And it's not always the most grotesque elements of the creatures that stand out the most. Del Toro is most afraid of the Pale Lady, and perhaps unsurprisingly, his explanation stems from the design. "The reason why we wanted to render Gammell's drawings properly is because – sculpting that is incredibly difficult. You miss a little bit of the benign, what is really scary is how peaceful [the Pale Lady] looks and how happy. And at the same time, how there's something empty in the eyes. So when you sculpt to that level, you're sculpting character. It's not about a creature that has wings and teeth – it's personality, so it was extremely difficult."

What André Øvredal Brings to the Table

While del Toro continues to develop several movies at once, he needed a director to take the reins here who could strike the right balance between this movie's Amblin-style tone and the primal fears that Gammell's disturbing images conjured for people. Øvredal was the first and only choice, and speaking with him after the press conference, it's easy to see why: he's passionate about the material and was confident from the beginning that he could bring this story to life. "I remember when I was pitching the movie to CBS," Øvredal told me, "and it was like, 'You guys kind of have to trust me that this is an instinctual movie for me to make. I grew up with this movie. Even though I'd never read these books before now, I know this movie by heart. I can instinctively make the right decisions.'"

When I spoke with del Toro after the press conference ended, he elaborated about why Øvredal was the perfect choice:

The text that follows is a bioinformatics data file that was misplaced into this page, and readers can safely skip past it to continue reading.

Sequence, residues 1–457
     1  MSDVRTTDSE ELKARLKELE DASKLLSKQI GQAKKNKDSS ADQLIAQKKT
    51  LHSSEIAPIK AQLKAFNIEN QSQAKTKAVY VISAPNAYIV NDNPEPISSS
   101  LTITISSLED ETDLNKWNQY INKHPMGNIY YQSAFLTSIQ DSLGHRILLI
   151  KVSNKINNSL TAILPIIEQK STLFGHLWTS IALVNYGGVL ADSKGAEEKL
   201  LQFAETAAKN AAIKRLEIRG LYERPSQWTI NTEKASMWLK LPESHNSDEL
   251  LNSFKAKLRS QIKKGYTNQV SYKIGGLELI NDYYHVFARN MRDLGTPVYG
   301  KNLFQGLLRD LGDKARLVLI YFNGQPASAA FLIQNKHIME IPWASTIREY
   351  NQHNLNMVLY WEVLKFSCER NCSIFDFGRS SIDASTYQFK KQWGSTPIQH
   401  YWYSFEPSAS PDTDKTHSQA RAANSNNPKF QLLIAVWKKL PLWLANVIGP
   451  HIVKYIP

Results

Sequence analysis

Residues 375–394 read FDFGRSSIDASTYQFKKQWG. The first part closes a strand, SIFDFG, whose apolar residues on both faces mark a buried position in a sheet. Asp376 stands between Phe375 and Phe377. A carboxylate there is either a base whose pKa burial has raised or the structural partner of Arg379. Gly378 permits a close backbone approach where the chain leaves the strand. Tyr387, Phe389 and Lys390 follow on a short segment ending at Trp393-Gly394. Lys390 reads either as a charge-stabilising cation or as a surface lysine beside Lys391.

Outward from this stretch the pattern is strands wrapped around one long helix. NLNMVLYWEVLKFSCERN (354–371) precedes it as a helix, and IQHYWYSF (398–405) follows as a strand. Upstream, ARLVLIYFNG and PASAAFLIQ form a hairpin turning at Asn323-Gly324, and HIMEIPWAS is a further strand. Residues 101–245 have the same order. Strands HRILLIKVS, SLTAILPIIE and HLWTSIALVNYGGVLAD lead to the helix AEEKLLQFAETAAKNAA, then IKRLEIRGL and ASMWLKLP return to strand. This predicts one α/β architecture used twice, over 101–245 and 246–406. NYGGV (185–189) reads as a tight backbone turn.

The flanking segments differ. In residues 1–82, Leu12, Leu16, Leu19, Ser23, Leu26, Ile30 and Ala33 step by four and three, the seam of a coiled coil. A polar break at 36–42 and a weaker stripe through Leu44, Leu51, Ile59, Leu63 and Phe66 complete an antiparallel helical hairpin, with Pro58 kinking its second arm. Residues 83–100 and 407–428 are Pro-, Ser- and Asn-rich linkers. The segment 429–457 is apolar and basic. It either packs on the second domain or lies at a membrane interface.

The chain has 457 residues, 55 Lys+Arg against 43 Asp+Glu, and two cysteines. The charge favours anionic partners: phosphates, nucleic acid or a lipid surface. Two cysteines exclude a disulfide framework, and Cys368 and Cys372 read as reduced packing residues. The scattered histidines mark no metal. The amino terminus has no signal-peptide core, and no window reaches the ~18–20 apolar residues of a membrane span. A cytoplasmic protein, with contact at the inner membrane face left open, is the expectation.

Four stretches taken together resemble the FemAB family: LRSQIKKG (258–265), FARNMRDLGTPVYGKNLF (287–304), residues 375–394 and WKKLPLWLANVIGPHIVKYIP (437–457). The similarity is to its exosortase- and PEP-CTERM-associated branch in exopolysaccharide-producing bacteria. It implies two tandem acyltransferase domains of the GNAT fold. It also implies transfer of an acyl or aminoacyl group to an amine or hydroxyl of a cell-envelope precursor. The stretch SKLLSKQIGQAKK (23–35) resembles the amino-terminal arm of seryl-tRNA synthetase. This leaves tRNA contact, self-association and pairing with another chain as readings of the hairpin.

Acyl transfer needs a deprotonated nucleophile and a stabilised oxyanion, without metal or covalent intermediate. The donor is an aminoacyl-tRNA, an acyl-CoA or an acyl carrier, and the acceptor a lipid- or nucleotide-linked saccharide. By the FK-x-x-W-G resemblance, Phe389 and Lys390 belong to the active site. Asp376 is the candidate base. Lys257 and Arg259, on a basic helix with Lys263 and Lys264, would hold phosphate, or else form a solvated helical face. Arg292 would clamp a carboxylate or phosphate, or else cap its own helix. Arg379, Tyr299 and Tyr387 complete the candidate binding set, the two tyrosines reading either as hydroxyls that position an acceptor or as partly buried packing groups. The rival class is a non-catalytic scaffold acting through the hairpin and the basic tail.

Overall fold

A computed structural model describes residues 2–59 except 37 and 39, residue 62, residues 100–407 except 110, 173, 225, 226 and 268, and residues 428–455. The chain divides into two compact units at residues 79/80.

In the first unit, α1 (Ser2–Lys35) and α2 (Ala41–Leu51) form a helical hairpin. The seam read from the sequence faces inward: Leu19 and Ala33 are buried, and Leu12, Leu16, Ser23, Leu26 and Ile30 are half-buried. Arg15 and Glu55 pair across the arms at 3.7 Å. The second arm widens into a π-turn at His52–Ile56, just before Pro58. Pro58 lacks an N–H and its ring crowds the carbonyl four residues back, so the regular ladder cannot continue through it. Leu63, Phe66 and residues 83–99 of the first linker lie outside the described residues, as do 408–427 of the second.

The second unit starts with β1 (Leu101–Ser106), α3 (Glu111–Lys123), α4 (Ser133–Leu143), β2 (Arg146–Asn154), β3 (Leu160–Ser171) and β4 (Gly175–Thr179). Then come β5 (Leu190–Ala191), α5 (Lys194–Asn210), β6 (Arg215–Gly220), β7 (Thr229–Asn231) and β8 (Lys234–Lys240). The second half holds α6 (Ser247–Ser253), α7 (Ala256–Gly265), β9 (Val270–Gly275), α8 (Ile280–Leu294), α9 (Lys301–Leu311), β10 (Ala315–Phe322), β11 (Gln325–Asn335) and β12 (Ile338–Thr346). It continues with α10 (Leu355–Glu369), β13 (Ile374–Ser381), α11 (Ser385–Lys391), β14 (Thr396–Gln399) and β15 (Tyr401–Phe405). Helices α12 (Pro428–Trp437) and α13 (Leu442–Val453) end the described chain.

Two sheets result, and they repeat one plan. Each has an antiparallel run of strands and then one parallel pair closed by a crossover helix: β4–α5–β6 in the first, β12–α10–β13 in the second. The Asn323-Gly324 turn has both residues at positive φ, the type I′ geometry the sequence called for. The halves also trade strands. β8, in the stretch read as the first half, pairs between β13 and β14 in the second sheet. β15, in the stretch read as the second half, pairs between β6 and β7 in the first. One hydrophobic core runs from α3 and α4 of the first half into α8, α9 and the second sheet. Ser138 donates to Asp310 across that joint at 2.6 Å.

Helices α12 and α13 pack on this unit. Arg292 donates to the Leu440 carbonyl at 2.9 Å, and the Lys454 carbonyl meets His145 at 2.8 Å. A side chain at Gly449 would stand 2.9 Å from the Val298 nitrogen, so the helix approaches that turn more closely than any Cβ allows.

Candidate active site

"André has two things that I like above anything else. He's very elegant, with the way he builds the story with the camera, he's very classic in that. And he's also fun. His movies are fun to watch. I have fun watching Trollhunter, I have fun watching The Autopsy of Jane Doe. It's very rare. You can have horror that's very disturbing or horror that is very entertaining, and they're two different beasts. There's great disturbing directors – Cronenberg being one – and there's great entertaining directors. And André has love for the disturbing, but can be entertaining."

Del Toro Updates Us On Two Future Projects

As the press day was coming to a close, I tried asking del Toro for an update about Zanbato, the Bad Robot film he's been developing for several years. He wouldn't reveal any more details about that project, but he was willing to speak about The Haunted Mansion and At the Mountains of Madness, two movies he's spent several years trying to get off the ground.

When I asked him if he was still interested in making Haunted Mansion, a new adaptation of the Disney theme park attraction, he responded positively. "I would hope so, yeah. We tried for many years, I think a decade or more. We did four or five drafts. We got it to a place where I felt it was ready, but that draft is there if they want to do it."

I wondered if the same thing was true for At the Mountains of Madness, another passion project of del Toro's that once nearly had Tom Cruise on board to star. Is a script for that one ready and waiting as well? "Well, that draft, I think, was of the time," he said. "I think the movie was enormous. Not by any means one of the largest – I mean, movies cost $300 million nowadays, you know? But it was a very big movie for our horror. That was not my decision, but I think if we were to tackle it now, it would need to be rewritten."

Scary Stories to Tell in the Dark arrives in theaters on August 9, 2019.